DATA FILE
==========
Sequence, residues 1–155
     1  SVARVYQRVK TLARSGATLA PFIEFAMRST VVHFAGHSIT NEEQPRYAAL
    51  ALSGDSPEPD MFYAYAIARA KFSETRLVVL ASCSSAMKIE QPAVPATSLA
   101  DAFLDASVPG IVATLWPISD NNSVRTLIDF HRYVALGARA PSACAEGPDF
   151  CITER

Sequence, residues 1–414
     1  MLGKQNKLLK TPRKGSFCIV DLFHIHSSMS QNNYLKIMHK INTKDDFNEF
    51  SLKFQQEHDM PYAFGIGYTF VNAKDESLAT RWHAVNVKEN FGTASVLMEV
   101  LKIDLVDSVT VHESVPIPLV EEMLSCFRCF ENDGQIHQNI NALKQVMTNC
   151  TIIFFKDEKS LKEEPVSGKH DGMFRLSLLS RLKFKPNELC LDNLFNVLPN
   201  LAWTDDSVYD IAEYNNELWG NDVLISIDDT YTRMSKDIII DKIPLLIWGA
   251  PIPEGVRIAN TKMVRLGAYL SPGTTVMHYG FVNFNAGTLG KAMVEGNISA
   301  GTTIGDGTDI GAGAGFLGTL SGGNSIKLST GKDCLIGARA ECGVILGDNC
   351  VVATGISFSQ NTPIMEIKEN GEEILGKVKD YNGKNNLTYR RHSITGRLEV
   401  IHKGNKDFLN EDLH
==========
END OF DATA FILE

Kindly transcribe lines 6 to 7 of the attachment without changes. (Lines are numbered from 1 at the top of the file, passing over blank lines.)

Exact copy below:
Sequence, residues 1–414
     1  MLGKQNKLLK TPRKGSFCIV DLFHIHSSMS QNNYLKIMHK INTKDDFNEF